The Texas State Medical Board voted Friday to delay until next year final approval of new stem cell therapy rules that could restrict _ or even block _ procedures such as the one Gov. Rick Perry recently underwent on his aching back.

Its 19 members, including a dozen physicians, voiced support for greater oversight but opted to tweak the proposed rules and take them up again at their next meeting in February. If the reworked rules are satisfactory, formal approval could come as early as April.

The Food and Drug Administration hasn't approved using adult stem cells to help people heal from surgery, but experimentation is common. Some scientists tout the possible benefits, including treatment for heart disease, diabetes, and some cancers. Others argue adult stem cell experimentation actually increases the risk of cancer and can cause blood clots.

Perry, 61, a Republican presidential candidate, had stem cells taken from fat in his own body that were then grown in a lab. They were injected into his back and his bloodstream during an operation in July to fuse part of his spine.

The proposed rules would require an independent panel to conduct a comprehensive safety review of any procedure involving stem cells before it is carried out. Without that review, procedures such as the one Perry underwent would not be allowed.

Some noted that new stem cell regulations could have unintended consequences, however, such as limiting the ability of tissue banks to collect genetic material for transplants. As a result, the board asked its staff to modify the rules.

"My sense is, this 80, 85 percent ready for primetime and they're just adding some material," said Leigh Hopper, a board spokeswoman.

Perry, who appoints the board, sent it a letter in July saying he appreciated the responsibility to protect patients. But he also urged members to "recognize the sound science and good work that is already being done, and will continue to be done in the future, in this field."

"We need to ensure that physicians in this state can continue to pursue new technologies and treatments that will benefit all Texans," Perry wrote. "Texas is a leader in innovation in many fields. It is critical that we continue to foster an environment that encourages technological advancement in the health care arena."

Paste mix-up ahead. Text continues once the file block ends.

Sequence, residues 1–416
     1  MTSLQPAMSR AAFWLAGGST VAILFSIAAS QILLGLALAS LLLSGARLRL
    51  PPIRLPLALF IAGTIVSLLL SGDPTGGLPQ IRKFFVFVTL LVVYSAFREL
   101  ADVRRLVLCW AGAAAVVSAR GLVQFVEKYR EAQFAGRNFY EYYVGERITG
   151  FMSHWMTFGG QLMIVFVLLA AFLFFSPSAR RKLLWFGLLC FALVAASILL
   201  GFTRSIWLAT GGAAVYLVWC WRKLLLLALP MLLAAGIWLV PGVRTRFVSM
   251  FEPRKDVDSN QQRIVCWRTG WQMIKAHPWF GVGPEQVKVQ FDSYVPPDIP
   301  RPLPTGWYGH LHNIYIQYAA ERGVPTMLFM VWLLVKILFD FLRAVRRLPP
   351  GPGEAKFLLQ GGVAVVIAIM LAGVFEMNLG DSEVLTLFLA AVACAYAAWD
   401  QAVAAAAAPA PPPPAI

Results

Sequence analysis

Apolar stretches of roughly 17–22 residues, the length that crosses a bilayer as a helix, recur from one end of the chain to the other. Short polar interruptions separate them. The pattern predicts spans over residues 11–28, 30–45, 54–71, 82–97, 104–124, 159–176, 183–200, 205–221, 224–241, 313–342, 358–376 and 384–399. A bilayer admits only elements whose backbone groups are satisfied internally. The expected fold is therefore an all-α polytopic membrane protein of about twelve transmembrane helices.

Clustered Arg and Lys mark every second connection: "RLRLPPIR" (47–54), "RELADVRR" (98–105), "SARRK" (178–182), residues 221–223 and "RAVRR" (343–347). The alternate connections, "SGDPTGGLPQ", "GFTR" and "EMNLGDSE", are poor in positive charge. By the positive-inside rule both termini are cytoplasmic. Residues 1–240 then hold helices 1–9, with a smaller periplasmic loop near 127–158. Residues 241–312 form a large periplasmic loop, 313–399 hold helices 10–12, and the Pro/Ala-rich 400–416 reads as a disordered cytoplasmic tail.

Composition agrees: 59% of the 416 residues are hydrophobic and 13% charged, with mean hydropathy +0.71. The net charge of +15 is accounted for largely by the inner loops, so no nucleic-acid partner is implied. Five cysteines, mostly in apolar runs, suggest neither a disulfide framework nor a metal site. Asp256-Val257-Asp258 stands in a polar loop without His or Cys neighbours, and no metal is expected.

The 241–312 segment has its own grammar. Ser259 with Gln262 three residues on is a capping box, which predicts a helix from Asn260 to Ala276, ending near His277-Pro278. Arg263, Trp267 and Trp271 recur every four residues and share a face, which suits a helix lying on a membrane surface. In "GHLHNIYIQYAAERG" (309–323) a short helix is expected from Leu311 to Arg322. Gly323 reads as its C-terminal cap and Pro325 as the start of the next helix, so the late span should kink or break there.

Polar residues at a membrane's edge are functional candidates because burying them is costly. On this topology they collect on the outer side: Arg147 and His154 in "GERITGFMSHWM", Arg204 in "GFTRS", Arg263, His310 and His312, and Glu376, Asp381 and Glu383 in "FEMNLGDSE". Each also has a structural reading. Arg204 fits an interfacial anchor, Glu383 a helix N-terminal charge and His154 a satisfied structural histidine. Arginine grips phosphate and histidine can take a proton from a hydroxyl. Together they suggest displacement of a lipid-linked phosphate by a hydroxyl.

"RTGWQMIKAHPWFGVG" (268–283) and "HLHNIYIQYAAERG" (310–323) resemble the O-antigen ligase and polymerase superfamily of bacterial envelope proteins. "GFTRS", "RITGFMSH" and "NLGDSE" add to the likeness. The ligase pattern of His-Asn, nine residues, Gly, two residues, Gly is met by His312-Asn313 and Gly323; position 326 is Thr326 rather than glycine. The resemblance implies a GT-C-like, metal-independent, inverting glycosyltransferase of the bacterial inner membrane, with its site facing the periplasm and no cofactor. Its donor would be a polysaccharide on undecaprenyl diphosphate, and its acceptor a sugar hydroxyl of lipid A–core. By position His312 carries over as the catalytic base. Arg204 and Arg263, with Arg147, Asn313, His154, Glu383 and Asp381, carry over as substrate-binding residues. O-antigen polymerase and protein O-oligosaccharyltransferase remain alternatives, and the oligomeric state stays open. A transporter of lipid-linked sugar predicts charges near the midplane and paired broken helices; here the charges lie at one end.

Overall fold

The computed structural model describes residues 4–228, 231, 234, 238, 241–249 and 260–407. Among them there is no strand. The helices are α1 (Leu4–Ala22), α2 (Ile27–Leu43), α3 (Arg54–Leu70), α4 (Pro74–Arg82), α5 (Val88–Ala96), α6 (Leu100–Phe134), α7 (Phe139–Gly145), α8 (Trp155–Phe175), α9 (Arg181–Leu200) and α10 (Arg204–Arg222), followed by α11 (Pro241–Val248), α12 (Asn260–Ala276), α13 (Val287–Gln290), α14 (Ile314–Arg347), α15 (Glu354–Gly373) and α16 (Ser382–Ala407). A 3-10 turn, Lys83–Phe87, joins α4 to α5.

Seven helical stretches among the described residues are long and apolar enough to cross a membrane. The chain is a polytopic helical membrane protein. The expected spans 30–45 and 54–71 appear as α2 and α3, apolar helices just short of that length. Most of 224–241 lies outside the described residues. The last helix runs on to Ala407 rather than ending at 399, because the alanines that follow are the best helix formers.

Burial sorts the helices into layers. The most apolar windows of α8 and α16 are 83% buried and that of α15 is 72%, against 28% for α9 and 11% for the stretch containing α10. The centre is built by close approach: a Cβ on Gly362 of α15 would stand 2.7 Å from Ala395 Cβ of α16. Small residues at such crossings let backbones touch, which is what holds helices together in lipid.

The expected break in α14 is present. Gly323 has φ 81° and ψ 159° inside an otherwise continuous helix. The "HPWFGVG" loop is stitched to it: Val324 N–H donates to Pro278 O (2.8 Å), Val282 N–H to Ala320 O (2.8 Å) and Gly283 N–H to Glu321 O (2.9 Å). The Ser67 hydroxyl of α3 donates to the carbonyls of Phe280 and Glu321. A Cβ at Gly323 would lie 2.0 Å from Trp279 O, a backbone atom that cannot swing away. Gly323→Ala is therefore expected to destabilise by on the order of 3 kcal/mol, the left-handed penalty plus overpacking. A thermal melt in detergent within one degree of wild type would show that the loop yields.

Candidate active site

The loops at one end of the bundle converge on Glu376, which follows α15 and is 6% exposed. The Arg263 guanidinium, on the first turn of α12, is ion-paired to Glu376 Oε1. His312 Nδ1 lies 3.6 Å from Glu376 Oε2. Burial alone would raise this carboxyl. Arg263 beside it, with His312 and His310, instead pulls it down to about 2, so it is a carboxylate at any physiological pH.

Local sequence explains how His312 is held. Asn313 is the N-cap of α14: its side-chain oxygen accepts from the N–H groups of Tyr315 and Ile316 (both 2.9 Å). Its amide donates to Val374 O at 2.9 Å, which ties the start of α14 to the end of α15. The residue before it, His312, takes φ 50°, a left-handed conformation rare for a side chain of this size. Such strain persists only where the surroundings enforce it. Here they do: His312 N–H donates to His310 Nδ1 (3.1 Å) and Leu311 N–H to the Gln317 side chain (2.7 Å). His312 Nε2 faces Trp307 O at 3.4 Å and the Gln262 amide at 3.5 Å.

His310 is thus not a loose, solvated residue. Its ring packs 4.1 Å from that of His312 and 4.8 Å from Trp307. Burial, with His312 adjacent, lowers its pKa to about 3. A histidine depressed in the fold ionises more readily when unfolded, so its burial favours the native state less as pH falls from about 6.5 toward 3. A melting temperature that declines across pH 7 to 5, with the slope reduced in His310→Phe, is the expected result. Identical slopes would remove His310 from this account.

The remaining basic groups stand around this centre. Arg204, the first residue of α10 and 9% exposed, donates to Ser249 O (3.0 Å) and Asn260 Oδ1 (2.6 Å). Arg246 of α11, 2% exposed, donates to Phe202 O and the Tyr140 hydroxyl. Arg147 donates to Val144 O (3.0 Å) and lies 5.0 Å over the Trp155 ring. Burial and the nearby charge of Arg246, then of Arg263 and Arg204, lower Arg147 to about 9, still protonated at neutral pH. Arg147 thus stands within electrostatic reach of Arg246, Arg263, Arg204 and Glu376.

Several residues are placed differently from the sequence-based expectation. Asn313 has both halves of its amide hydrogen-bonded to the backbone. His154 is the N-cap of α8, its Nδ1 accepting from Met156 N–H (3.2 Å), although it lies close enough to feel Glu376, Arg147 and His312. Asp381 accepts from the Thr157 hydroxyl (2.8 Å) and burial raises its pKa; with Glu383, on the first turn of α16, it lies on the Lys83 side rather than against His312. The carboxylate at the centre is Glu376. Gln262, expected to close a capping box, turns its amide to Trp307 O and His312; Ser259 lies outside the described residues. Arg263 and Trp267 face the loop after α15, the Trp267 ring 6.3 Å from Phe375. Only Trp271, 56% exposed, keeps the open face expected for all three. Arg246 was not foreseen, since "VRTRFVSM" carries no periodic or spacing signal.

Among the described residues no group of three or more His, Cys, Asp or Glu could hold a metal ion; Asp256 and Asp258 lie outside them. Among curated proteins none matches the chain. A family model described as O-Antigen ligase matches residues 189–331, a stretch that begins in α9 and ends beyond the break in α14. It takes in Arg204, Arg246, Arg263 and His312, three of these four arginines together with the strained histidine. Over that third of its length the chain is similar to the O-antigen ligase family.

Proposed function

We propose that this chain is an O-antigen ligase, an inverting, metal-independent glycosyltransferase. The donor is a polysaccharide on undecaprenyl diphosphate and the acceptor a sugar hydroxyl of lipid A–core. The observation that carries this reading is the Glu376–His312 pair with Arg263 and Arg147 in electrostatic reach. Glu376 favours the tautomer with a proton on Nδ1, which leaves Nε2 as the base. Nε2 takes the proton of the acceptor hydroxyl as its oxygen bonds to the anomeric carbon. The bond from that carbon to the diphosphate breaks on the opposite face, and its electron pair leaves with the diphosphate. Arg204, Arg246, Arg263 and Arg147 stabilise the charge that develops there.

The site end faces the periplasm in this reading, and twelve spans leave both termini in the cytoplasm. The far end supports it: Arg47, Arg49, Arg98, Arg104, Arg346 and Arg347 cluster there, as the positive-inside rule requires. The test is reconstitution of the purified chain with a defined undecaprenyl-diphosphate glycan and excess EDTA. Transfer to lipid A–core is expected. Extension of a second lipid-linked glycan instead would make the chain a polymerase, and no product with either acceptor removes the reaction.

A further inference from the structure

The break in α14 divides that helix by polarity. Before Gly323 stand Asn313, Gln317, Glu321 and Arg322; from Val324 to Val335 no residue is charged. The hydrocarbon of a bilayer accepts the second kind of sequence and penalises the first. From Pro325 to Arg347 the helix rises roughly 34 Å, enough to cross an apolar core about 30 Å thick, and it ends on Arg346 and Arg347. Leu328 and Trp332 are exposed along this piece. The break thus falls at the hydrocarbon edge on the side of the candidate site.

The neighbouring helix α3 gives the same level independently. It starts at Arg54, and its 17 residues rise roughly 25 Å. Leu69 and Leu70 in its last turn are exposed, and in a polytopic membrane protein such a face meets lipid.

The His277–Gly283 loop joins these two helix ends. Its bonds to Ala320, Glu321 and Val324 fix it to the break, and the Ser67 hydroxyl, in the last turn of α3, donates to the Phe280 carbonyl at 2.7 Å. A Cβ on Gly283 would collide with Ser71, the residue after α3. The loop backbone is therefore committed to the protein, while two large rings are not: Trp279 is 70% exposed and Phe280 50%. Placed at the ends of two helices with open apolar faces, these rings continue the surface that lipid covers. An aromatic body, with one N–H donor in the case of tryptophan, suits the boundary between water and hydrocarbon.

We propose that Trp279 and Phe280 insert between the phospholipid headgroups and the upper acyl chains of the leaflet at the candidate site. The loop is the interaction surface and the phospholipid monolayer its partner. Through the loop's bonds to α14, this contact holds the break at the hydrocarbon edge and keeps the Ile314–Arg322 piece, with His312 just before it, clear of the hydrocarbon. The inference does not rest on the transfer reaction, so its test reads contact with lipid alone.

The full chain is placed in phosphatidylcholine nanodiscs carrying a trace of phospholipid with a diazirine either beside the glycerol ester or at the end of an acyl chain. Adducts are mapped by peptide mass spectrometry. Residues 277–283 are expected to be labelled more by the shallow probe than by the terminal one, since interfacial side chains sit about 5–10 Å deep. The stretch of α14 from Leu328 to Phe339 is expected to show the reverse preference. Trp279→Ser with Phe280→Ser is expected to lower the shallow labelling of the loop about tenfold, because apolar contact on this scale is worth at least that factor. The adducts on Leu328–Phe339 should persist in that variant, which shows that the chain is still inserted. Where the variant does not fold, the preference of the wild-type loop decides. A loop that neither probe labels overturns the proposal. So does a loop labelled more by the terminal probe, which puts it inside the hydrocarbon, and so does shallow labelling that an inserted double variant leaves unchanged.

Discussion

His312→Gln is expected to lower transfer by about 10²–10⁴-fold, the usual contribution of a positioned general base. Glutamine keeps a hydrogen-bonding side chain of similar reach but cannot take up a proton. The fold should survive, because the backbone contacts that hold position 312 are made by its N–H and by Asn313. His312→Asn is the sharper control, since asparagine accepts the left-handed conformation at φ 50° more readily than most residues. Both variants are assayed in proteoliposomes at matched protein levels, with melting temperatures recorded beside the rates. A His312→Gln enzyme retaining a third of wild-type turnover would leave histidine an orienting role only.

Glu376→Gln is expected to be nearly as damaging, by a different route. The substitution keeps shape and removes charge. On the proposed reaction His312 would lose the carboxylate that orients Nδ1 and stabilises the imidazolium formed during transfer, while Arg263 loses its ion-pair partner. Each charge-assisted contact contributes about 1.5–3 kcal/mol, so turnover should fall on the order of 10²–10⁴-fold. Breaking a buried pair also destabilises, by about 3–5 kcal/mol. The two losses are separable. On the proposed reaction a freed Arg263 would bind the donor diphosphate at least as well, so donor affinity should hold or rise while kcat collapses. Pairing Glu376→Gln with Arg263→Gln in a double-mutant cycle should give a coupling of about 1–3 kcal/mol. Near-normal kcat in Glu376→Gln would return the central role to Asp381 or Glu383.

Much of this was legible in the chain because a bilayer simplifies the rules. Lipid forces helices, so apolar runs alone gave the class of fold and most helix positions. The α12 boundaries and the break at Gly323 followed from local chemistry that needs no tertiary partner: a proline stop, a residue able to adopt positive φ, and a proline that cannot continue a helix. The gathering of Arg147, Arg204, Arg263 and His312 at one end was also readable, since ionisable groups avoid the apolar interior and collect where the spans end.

Following his surgery, Perry has worn a back brace but maintained his hectic campaign schedule _ though he has begun wearing orthopedic shoes, foregoing his trademark cowboy boots. Adult stem cell therapy is different from using embryonic cells, a controversial technology that the governor opposes.

Lucy Nashed, a spokeswoman for the governor, said Friday that he "expects the Texas Medical Board to review all the facts and make the appropriate decision regarding the use of this promising technology in Texas."

At least 10 states _ including California, Illinois and New York _ have enacted rules governing stem cell research, according to the Interstate Alliance on Stem Cell Research.

The impetus for Texas' proposed rules did not grow out of Perry's procedure but did involve the physician who performed it, Dr. Stanley Jones. The Houston-based orthopedist, who is Perry's doctor and friend, touted the benefits of stem cell therapies at the medical board's June meeting. He said many Americans pay thousands of dollars to undergo treatment abroad and that it is a shame that Texans can't access the treatment in their home state.

Perry also helped push an amendment to a larger health care bill through the Texas Legislature in June creating a state bank to store and cultivate adult stem cells for treatment purposes.

NBC reported in September that the first bank approved by the state _ Celltex Therapeutics Corp. of Houston _ is co-owned by Jones and David G. Eller, the former chairman of the board of Texas A&M University, and a top Perry donor.